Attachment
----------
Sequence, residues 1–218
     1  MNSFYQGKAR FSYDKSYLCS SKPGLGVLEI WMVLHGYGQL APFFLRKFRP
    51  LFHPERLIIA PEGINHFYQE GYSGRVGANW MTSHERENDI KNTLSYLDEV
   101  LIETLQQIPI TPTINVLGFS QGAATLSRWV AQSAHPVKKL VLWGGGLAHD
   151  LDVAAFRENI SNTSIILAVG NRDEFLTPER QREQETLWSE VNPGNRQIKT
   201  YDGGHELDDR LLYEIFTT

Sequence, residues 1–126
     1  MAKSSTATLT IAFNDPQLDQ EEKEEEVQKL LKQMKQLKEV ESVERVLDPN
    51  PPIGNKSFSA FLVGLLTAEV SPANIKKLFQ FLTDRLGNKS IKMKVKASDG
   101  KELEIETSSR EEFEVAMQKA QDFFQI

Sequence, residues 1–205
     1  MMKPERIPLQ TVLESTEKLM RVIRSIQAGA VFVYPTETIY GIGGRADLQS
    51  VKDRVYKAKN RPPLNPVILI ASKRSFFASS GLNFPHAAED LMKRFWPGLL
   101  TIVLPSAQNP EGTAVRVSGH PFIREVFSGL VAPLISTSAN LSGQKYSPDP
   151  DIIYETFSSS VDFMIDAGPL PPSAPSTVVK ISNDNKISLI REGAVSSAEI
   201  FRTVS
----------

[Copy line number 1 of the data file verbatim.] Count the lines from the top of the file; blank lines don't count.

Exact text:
Sequence, residues 1–218